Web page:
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 NEW PSAT INFO from CapED Educational Group

When will the new PSAT go into effect?

The first administration of the new PSAT will be October 2015. This means that the new exam will be used for the first time to determine National Merit winners for the Class of 2017.

How will it be scored?

Guessing Penalty: There will no longer be a guessing penalty on the exam, so guess on every question!

Total Score: The total or "composite score" for the new PSAT will range from 400 to 1600 points. It will be the sum of two subscores: one from the Reading/Writings sections combined and one from the Math Sections. See diagram below. The new PSAT scoring system will be EXACTLY the same as the new SAT scoring system, so it will be easier to predict your SAT score from your PSAT performance. The new PSAT will also provide subscores for various skills in each section, which show a student where to study in order to improve.

New PSAT1

What's new in Math?

Format: 2 sections

Calculator Section

  • Questions: 27 multiple-choice, 6 grid-ins
  • Time: 45 minutes

No Calculator Section

  • Questions: 13 multiple-choice, 4 grid-ins
  • Time: 25 minutes

Calculator Use: There will be one section that students can use the calculator for and one section without a calculator.

Real-World Situations: Many of the new Math questions will ask student to apply mathematical reasoning to situations in business, science, or the social sciences.

Multi-Step Grid-In: In the calculator section, there will be a word problem with multiple parts. It will ask students to answer at least two grid-in questions related to a real-world situation. These questions will be worth slightly more points than the others on the exam.

Less Geometry: Because the new PSAT will more heavily focus on algebra and data analysis, there will be less geometry.

What's new in Reading?

Format: 4 long passages, 1 double passage
Questions: 47 multiple-choice
Time: 60 minutes

Vocabulary: Sentence Completions have been eliminated on the test. Instead, the new PSAT will contain 10 questions that test vocabulary within the context of the passages. Also, gone are the obscure PSAT words. The new PSAT will test vocabulary students see in college and in their future careers.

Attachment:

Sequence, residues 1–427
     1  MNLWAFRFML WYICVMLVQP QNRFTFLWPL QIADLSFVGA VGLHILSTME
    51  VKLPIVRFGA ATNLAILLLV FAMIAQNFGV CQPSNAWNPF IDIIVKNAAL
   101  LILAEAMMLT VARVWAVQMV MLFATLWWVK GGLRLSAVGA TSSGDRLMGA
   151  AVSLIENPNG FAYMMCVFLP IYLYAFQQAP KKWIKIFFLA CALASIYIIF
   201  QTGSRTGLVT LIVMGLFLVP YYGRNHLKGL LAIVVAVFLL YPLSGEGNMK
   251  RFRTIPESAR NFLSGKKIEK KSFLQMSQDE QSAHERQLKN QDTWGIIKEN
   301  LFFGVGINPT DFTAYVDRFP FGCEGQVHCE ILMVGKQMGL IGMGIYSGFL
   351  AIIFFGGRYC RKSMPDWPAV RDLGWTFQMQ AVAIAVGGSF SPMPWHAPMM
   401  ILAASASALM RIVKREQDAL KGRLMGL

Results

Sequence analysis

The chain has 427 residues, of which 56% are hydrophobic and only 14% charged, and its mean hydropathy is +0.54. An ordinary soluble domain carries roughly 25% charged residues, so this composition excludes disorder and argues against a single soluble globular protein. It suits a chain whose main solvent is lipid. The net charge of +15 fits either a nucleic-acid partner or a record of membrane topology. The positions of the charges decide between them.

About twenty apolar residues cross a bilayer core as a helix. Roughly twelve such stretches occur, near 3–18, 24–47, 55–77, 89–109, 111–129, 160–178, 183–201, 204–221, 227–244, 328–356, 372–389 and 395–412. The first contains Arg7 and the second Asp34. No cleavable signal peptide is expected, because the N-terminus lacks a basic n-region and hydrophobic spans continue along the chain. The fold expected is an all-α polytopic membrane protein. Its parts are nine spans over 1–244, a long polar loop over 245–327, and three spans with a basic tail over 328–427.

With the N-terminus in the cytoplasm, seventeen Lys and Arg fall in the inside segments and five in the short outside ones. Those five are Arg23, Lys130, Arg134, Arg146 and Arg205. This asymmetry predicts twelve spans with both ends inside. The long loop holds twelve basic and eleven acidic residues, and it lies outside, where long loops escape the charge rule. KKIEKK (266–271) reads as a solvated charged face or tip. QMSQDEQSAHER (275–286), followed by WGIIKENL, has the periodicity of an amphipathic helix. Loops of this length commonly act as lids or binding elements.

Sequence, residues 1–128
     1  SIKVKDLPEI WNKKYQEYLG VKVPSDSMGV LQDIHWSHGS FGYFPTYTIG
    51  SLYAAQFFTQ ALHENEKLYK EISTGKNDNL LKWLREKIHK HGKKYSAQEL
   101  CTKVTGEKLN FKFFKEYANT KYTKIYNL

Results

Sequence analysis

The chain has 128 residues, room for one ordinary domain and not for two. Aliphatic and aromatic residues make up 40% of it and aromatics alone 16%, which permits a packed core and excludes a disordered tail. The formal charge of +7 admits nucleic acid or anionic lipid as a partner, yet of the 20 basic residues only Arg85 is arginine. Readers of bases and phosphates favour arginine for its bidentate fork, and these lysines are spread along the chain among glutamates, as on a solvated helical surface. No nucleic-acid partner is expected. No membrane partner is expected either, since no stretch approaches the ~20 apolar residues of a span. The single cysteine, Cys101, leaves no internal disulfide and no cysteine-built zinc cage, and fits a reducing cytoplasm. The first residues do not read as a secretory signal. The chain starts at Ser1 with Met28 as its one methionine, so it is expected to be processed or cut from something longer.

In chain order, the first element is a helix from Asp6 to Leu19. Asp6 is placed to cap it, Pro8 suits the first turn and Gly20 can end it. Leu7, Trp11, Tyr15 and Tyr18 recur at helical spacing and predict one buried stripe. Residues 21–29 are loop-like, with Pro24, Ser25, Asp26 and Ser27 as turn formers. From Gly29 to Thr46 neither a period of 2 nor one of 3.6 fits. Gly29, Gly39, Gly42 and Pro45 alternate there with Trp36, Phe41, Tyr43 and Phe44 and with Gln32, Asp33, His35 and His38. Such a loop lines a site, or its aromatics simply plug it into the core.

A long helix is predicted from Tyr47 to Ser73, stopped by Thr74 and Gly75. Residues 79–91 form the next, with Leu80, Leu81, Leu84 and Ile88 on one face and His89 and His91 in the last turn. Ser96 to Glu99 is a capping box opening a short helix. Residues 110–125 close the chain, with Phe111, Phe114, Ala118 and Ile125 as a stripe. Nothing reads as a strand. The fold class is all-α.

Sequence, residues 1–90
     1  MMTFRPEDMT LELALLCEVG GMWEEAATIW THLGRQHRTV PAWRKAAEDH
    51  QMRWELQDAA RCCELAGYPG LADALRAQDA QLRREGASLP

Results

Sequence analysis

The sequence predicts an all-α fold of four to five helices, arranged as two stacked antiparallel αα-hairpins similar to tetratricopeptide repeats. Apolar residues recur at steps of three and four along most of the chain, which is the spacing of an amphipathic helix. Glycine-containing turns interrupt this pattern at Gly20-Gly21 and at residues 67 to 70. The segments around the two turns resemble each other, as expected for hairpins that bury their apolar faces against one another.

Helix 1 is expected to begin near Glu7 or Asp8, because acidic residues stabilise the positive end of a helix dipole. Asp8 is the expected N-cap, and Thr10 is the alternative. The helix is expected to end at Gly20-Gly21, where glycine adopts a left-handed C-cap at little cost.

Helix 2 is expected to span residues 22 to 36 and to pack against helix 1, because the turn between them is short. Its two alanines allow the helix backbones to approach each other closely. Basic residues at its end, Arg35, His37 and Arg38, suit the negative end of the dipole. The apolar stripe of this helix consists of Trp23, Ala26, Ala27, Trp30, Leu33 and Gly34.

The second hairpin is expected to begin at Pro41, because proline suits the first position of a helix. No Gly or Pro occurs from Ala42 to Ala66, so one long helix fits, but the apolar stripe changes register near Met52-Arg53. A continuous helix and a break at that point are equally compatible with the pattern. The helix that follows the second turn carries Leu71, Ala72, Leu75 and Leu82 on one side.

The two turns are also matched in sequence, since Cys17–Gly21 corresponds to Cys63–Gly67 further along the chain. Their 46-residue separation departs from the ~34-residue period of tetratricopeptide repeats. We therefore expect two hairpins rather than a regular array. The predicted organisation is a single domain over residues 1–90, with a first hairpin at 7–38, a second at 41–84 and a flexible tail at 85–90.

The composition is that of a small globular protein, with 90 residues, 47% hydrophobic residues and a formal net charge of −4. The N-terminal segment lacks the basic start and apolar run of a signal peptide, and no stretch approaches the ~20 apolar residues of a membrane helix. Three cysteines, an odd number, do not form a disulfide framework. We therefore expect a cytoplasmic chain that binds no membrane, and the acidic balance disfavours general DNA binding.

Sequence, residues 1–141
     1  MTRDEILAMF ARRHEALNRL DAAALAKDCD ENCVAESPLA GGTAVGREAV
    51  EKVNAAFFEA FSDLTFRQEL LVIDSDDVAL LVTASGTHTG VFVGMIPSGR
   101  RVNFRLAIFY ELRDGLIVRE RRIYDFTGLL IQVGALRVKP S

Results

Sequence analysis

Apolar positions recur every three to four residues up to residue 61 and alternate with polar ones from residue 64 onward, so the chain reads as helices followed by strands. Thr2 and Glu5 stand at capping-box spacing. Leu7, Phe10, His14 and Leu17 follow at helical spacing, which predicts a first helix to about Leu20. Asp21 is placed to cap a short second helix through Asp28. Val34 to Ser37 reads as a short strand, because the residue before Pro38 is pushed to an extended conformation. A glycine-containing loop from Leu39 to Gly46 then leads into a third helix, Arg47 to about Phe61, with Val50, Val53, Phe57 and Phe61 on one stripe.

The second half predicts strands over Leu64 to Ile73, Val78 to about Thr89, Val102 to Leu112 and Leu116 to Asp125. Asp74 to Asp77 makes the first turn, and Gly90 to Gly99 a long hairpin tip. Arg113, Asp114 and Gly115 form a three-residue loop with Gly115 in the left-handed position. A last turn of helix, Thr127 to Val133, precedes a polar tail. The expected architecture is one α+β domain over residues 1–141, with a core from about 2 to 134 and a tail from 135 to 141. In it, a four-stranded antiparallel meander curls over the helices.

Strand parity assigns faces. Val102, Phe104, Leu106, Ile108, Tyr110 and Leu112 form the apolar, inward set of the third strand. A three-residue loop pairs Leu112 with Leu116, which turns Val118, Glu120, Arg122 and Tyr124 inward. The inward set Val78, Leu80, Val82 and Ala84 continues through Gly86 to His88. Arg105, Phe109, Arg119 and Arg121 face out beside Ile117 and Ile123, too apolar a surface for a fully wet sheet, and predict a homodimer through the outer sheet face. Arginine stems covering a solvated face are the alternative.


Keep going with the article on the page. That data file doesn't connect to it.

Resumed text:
Graphics: Passages will now include charts, graphs, or pictures related to the text. For example, a student might be asked how the author of the passage needs to change the passage's argument to better reflect the data in a chart.

Evidence-Based: Some of the Reading questions will ask students to read more deeply. Instead of just answering a question about the author's tone, a student will need to find the specific lines in the passage that provide evidence of the author's tone.

What's new in Writing?

Format: 4 passages to correct
Questions: 44 multiple-choice
Time: 35 minutes

Passage-Based: Most of the Writing questions on the current PSAT force students to correct the grammar of stand-alone sentences without any context. The new PSAT will provide full passages for students to edit.

Vocabulary: The new PSAT will contain 8 vocabulary questions in this section. These questions will ask students to pick the best words to capture the author's tone or argument in the text.

Graphics: At least one of the passages will include a graph, picture, or table related to the text. Students will need to answer a question that tests how well they understand the relationship between the graphic and the passage. For example, a question might ask a student to edit a line in the text that misrepresents the data from a pie chart.

Any other important changes?

Length: The new PSAT will be 30 minutes longer than the current PSAT. In total, the new PSAT will be 2 hours and 45 minutes long.

Fewer Answer Choices: Instead of 5 answer choices per multiple-choice question, new PSAT questions will only have 4 answer choices. That's good news: students will have a better chance of guessing correctly with fewer answers to pick from.

What's not changing?

No Essay: Just like the old PSAT, the new exam will NOT contain an essay.

National Merit: For decades, the PSAT has been the qualifying exam for the National Merit Scholarship Competition. The new PSAT will still be the qualifying exam for National Merit starting for those students graduating in 2017.



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